Friday, March 9, 2012
ACCLAIMED comics writer Warren Ellis is known for his big concept ideas and super-science, and this latest release is no exception, imagining a world where the global arms race was fought using man-made superhumans, with devastating consequences.
Told in flashback by one of the scientists responsible for the British effort from the banks of a burning Thames in a devastated London, it reveals the original good intentions behind the creation post-human beings gifted with almost messianic abilities was swiftly corrupted by the military and politicians.
As each nation-state shapes its own superman, they find that actually keeping control over these beings proves increasingly difficult, as they have their own agendas based on programming and personality.
The almost incomprehensive clashes between these “Supergods” result in countries being destroyed, eco-systems irrevocably disrupted, populations wiped out and the apocalypse looming. The end of the world is imminent, and all because we wanted to be rescued by human-shaped saviours with powers beyond imagining.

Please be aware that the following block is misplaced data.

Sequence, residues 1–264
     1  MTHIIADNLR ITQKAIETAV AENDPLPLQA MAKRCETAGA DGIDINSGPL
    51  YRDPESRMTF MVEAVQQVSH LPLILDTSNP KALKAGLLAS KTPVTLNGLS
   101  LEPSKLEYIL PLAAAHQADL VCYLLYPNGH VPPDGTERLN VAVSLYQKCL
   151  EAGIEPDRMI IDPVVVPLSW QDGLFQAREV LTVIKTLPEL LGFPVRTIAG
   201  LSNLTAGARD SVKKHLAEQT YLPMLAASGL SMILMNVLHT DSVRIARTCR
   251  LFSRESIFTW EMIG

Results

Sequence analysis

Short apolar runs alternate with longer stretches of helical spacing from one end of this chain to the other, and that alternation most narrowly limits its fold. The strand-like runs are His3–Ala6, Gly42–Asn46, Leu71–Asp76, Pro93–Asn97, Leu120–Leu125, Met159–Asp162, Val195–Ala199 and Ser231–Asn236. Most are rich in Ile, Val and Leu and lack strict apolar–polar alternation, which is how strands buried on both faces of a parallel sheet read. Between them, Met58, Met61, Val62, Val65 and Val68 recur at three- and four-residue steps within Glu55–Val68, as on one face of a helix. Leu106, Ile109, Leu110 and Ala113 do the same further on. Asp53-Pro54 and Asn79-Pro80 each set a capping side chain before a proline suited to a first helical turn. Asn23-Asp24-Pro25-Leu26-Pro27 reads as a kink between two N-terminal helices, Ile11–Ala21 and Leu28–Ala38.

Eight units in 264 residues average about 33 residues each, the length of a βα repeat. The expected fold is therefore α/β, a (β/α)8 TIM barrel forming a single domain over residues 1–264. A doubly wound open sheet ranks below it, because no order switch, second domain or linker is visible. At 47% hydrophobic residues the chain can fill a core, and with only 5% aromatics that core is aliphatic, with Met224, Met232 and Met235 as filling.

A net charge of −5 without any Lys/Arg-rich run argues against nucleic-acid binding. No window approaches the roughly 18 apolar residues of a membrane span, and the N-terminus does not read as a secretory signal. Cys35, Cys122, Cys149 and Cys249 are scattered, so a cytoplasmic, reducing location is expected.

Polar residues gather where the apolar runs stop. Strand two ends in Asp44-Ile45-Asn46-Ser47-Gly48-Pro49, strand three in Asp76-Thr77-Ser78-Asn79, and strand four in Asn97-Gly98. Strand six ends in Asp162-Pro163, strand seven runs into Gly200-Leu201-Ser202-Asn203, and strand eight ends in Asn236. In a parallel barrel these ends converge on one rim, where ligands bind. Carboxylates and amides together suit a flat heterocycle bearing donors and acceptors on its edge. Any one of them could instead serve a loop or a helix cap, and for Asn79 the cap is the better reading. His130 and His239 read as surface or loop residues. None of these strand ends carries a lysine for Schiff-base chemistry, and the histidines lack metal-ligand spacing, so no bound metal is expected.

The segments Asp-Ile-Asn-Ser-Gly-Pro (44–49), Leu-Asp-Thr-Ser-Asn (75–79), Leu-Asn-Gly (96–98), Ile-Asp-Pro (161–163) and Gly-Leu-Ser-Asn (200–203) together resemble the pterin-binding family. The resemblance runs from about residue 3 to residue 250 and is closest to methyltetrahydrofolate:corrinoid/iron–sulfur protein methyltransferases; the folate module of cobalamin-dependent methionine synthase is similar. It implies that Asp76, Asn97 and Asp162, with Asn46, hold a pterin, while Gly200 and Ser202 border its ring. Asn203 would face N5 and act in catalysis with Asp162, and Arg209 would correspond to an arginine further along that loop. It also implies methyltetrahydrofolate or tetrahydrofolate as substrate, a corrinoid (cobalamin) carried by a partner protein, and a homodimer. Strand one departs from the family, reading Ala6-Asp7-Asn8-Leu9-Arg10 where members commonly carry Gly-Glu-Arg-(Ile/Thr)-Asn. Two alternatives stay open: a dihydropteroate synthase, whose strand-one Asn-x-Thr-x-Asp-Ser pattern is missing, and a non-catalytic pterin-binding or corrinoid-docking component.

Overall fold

In a similar way to Ellis’ earlier work Ministry of Space, Supergod is presented very much as historical document, with little in the way of individual characters beyond the narrator, and as such loses that “everyman” perspective which a book like this probably needed.
It’s almost too big a story to be told without some sort of grounding in reality, with the scale of what is happening eventually lost after pages of destruction and slaughter, and leaving the reader somewhat detached by its conclusion. Fortunately the detailed artwork of Garrie Gastonny brings a necessary realism to the visuals, which helps sell the concepts to an extent.
Ellis has lost none of his edge when it comes to coming up with inventive and unusual comics, but he needs to remember some of the basics in storytelling as well.